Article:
WASHINGTON — A bipartisan bill introduced by Sen. Ron Johnson (R-Wis.), chairman of the Senate Homeland Security and Governmental Affairs Committee, and Senators Joni Ernst (R-Iowa) and Cory Booker (D-N.J.) aimed at combating the use of social media by terrorists was approved by the Senate Homeland Security and Governmental Affairs Committee Wednesday.
“We must have a comprehensive strategy in place to counter online radicalization,” said Sen. Johnson, chairman of the Senate Homeland Security and Governmental Affairs Committee. “ISIS is growing, and the threat of homegrown terrorism is real. I’d like to thank Sens. Booker and Ernst for their hard work on this legislation. This bill is a necessary step in developing an effective counter narrative to ISIS recruitment and appeal.”
“I appreciated the opportunity to work with both Chairman Johnson and Senator Booker on this important bipartisan bill, which would require the Obama Administration to fulfill a promise they made in 2011 to develop a comprehensive strategy to counter terrorists’ use of social media,” said Senator Ernst.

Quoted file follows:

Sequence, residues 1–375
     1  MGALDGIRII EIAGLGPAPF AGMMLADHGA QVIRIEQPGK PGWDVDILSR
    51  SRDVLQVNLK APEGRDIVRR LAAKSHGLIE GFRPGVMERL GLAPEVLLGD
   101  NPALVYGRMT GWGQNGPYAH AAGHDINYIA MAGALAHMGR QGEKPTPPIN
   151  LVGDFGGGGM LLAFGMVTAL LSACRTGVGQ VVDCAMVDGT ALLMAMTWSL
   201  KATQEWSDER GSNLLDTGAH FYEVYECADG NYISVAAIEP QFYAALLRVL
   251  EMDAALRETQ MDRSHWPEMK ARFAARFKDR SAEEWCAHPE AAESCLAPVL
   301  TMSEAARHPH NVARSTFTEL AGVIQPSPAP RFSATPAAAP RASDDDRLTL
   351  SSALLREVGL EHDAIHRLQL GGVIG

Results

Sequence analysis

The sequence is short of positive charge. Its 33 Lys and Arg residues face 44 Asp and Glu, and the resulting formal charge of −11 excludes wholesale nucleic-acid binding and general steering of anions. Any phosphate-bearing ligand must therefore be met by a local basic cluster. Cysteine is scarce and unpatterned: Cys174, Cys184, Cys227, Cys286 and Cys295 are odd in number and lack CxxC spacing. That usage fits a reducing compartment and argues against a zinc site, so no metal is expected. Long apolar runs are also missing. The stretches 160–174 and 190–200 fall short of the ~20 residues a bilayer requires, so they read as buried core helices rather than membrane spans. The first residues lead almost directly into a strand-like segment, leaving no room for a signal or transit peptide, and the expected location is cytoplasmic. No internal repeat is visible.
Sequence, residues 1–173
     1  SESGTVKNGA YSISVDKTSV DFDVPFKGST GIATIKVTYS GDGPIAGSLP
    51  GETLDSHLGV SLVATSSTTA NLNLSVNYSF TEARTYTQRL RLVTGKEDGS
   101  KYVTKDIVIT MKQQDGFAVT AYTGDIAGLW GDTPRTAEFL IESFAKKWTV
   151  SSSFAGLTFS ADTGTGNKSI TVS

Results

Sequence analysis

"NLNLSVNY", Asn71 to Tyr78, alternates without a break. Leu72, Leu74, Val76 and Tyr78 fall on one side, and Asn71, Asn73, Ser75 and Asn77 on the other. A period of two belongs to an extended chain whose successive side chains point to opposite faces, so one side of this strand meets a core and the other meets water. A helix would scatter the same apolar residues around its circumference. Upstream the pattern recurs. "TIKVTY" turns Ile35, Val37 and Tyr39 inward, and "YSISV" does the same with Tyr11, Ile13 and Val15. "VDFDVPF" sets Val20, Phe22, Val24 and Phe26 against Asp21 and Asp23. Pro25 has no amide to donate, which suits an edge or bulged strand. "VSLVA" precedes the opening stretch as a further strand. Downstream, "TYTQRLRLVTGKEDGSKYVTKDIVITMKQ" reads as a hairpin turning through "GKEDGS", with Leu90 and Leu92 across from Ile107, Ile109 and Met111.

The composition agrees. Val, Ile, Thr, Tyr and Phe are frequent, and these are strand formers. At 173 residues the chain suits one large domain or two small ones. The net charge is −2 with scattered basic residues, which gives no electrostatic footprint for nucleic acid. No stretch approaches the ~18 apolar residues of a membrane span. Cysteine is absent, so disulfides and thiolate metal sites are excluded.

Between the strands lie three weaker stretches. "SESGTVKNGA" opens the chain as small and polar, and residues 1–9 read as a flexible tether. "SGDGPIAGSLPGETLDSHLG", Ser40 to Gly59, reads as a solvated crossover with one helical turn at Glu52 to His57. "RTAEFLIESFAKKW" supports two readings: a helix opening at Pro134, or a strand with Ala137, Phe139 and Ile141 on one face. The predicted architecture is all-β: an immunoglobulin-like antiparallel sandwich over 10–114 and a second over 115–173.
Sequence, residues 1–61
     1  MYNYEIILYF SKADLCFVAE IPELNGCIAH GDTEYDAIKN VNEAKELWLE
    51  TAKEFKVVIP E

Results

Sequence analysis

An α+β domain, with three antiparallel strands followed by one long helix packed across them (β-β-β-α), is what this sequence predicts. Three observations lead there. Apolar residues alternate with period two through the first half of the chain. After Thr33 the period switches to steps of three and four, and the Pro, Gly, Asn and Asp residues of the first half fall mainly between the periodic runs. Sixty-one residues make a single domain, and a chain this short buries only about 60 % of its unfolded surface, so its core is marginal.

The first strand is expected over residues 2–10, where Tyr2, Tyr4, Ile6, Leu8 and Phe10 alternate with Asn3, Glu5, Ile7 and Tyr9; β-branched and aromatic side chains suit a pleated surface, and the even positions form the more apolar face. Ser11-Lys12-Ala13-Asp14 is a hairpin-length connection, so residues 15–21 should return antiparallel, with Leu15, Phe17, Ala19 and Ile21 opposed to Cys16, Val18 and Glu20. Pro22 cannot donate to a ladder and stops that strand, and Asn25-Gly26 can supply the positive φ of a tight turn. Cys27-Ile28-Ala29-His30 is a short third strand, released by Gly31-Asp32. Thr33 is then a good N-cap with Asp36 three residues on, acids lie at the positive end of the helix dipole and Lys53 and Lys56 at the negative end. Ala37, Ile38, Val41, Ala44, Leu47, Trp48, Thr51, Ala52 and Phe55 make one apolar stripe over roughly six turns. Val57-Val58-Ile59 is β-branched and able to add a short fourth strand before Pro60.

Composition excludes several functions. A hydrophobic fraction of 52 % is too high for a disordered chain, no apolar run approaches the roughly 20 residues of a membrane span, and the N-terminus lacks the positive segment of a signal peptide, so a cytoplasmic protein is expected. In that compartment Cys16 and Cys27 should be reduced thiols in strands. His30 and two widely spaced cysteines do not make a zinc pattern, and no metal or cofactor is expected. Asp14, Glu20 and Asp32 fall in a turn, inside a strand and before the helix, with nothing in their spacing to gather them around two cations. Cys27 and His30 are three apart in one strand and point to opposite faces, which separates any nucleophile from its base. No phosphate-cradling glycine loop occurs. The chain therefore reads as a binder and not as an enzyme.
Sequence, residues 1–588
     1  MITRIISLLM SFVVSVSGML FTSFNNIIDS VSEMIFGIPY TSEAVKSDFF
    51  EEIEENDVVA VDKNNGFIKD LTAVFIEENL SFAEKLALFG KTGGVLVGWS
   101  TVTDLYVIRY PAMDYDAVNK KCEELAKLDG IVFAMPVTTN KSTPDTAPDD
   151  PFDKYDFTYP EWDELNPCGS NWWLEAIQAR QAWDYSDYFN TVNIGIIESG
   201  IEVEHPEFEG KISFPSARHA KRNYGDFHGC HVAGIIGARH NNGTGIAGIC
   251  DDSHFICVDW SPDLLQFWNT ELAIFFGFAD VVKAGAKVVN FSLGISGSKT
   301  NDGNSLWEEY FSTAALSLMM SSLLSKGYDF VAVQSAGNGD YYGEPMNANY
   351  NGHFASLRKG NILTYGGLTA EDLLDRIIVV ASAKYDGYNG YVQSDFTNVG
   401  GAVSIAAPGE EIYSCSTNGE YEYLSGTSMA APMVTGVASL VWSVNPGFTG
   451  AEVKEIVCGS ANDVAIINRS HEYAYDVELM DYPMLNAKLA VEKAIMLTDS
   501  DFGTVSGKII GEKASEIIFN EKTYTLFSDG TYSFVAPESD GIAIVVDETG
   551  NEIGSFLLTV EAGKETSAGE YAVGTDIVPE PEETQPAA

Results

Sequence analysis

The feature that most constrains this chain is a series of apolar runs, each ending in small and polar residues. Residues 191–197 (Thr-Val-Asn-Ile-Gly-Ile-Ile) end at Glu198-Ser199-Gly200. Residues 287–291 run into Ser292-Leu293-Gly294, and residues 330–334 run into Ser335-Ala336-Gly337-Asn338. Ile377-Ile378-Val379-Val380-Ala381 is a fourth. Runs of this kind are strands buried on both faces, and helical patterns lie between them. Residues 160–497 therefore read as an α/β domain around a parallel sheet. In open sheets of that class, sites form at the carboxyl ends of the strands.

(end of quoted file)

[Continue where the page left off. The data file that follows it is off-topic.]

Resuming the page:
“The digital battlefield is an important front in the fight against violent extremism. To keep America safe, we need to effectively counter the spread of violent extremist propaganda online,” Senator Booker said. “This legislation seeks to promote accountability and encourage greater cooperation to counter dangerous extremist narratives, while balancing this with the need to respect civil rights and civil liberties. Its committee passage is an important step forward and part of a broader strategy to combat extremism.”
The Combat Terrorist Use of Social Media Act of 2016 complements H.R. 3654, introduced by Rep. Ted Poe (R-Texas) in the House last year.
In December 2011, the Obama Administration released a “Strategic Implementation Plan for Empowering Local Partners to Prevent Violent Extremism in the United States,” which made the following commitment: “[b]ecause of the importance of the digital environment, we will develop a separate, more comprehensive strategy for countering and preventing violent extremist online radicalization and leveraging technology to empower community resilience that considers: (1) the latest assessment of the role of the Internet; (2) the absence of clear national boundaries in online space and the relationship between international and domestic radicalization to violence; (3) relevant legal issues; and (4) the differing authorities and capabilities of departments and agencies.”
The Combat Terrorist Use of Social Media Act requires the president to prepare: